City officials are calling an electric bus that caught fire early Wednesday morning an anomaly.
The incident was reported around 1:30 a.m. at the Wichita transit maintenance building at 777 E. Waterman. Maintenance staff and security noticed a lithium-ion battery powered bus had caught fire.
The bus is powered by 10 lithium-ion batteries. Eight are mounted on the roof and two sit in the rear of the bus. The fire apparently originated from a single battery placed on the top, said Michael Tann, director of transit for the city.
“What it looks like is one battery was engulfed up on the roof,” Tann said.
The bus was brought in for maintenance after a check engine light had popped up earlier on Tuesday after it ran during the day, Tann added.
At the time it was brought in, no work had been done to it and it was not charging when the battery caught fire, Wichita transit maintenance superintendent Gregg Ringold said.
“Nobody had touched it yet and all of sudden it did what it did,” Ringold said.
City officials say this is not the first time the bus has had an issue. Wichita firefighters responded to a smoke incident on the same bus nine months ago.
“The smoke incident that happened nine months ago was not high voltage related,” said Ringold. “It was low voltage.”
Low voltage has to do with powering the lights, dash and other small electrical aspects of the bus. Wednesday’s incident was high voltage with the batteries that make the bus run, Tann said.
Representatives from Complete Coach Works will be at the transit building tomorrow to inspect the bus, which will be hauled off.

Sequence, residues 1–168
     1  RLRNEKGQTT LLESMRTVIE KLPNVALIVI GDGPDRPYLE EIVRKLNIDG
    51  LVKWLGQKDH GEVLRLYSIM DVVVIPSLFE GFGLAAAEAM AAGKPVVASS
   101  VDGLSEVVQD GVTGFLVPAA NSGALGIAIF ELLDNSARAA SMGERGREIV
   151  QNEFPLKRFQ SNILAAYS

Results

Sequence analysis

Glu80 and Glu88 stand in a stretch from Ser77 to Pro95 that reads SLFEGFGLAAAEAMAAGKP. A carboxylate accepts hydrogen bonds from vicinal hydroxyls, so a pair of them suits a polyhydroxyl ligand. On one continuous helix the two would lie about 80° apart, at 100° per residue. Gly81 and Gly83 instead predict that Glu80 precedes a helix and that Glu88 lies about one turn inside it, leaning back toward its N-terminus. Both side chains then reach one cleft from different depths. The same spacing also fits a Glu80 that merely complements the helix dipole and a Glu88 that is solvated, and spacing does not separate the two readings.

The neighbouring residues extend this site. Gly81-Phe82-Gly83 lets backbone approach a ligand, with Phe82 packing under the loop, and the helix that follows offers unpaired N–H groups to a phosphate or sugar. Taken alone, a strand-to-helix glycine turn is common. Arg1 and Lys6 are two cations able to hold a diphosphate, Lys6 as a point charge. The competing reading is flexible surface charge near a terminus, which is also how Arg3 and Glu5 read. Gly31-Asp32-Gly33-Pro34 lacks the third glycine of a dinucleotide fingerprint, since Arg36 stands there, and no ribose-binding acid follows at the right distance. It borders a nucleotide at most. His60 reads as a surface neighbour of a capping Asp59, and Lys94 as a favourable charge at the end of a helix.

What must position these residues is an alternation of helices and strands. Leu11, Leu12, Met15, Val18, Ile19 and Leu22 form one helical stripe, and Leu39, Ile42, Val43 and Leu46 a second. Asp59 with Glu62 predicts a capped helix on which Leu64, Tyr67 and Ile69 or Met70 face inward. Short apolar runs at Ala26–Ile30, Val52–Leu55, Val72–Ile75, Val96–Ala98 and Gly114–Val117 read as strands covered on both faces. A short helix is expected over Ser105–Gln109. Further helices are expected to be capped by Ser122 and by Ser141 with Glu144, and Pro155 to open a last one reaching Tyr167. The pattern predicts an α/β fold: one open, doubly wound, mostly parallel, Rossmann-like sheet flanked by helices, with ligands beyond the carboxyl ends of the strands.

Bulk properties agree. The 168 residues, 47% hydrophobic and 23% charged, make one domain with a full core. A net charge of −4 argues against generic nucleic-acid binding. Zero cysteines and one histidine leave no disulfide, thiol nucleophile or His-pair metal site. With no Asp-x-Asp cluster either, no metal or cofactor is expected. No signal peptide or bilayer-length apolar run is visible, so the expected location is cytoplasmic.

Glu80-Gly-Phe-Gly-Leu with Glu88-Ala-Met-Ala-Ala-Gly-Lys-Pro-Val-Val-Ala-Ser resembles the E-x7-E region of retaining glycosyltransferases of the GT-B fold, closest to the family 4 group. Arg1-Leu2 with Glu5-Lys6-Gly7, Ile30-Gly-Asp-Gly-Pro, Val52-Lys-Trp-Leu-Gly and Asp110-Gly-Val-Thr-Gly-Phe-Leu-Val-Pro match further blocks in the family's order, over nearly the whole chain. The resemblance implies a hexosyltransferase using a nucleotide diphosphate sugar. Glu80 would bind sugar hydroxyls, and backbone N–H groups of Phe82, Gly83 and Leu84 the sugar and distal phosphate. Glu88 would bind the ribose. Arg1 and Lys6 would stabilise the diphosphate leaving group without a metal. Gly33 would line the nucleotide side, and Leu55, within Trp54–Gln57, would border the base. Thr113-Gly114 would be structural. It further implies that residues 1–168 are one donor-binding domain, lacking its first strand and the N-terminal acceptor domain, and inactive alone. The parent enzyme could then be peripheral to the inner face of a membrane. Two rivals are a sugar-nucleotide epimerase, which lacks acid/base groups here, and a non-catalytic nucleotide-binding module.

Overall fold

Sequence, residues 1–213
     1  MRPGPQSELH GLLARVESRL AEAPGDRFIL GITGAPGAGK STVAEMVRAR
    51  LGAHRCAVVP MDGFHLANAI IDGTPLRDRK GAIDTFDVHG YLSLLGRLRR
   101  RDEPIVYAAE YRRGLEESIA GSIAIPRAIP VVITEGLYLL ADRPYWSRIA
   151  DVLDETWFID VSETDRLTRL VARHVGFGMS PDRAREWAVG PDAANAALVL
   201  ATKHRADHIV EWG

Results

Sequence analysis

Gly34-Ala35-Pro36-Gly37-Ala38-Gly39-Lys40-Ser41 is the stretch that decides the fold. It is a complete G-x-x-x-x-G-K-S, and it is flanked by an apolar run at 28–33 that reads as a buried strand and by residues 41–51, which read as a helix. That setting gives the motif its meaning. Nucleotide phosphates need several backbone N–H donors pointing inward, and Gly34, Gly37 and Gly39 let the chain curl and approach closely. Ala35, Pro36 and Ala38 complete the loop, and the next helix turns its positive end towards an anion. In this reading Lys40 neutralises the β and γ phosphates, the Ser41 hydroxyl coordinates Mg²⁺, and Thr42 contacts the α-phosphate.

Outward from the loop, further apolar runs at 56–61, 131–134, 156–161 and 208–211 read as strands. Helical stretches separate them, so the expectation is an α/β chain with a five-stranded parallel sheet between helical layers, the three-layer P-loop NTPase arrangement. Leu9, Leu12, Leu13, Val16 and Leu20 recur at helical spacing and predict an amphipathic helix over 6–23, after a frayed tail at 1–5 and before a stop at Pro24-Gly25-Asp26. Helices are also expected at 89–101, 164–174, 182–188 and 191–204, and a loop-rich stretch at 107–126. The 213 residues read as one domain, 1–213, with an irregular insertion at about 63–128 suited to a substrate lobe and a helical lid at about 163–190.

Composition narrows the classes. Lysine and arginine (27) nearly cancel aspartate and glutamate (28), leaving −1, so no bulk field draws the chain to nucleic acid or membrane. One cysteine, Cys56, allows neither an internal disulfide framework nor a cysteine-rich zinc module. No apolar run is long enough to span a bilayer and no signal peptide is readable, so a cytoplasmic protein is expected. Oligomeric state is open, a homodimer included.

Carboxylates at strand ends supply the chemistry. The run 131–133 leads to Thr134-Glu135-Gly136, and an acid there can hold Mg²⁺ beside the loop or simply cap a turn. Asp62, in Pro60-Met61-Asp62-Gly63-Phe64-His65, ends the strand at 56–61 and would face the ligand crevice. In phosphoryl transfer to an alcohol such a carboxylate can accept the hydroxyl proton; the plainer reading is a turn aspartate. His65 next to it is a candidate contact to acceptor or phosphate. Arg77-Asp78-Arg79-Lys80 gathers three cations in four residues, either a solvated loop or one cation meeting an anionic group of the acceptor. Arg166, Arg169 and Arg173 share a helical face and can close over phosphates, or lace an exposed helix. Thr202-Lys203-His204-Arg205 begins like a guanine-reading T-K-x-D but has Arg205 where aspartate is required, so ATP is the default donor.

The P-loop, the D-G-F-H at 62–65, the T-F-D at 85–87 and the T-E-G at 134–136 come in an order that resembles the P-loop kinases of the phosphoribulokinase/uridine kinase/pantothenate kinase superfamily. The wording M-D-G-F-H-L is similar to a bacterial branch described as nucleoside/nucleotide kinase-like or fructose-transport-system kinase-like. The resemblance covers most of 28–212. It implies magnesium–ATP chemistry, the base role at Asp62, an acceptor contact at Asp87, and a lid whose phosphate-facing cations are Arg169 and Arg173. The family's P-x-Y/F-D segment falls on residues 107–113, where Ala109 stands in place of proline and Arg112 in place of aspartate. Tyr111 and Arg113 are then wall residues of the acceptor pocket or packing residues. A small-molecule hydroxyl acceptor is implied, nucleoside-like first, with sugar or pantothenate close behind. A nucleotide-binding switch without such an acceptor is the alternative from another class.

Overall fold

“They’re going to take it back to their plant and inspect it from top to bottom,” Ringold said.
When asked if the check engine light could be a factor in the fire, Ringold said it is too early to tell in the investigation.
The batteries on the city’s 11 electric powered buses are good for 12 to 14 years. The buses have run since September 2020 and around half a million miles, according to Tann.
“This seems to be an anomaly and we’re going to get to the bottom of it,” Ringold said.
The other electric city buses were inspected after the fire and are functioning normally, Tann said.
Fires from lithium-ion batteries have been blamed for causing injuries and deaths.
During 2021 and 2022, the U.S. Consumer Product Safety Commission received reports of 208 fires or overheating events in 39 states, resulting in 19 fatalities linked to small electronic vehicles like scooters and bicycles.
“Everybody has certainly seen the talk about Tesla cars and batteries and all that kind of stuff,” Tann said. “But from our standpoint, we have not heard of any systematic or any serious issue with these buses.”
Reporters were allowed to see the bus Wednesday in the transit building’s lot and the inside appeared to have no damages.
Contributing: Sarah Moore of The Wichita Eagle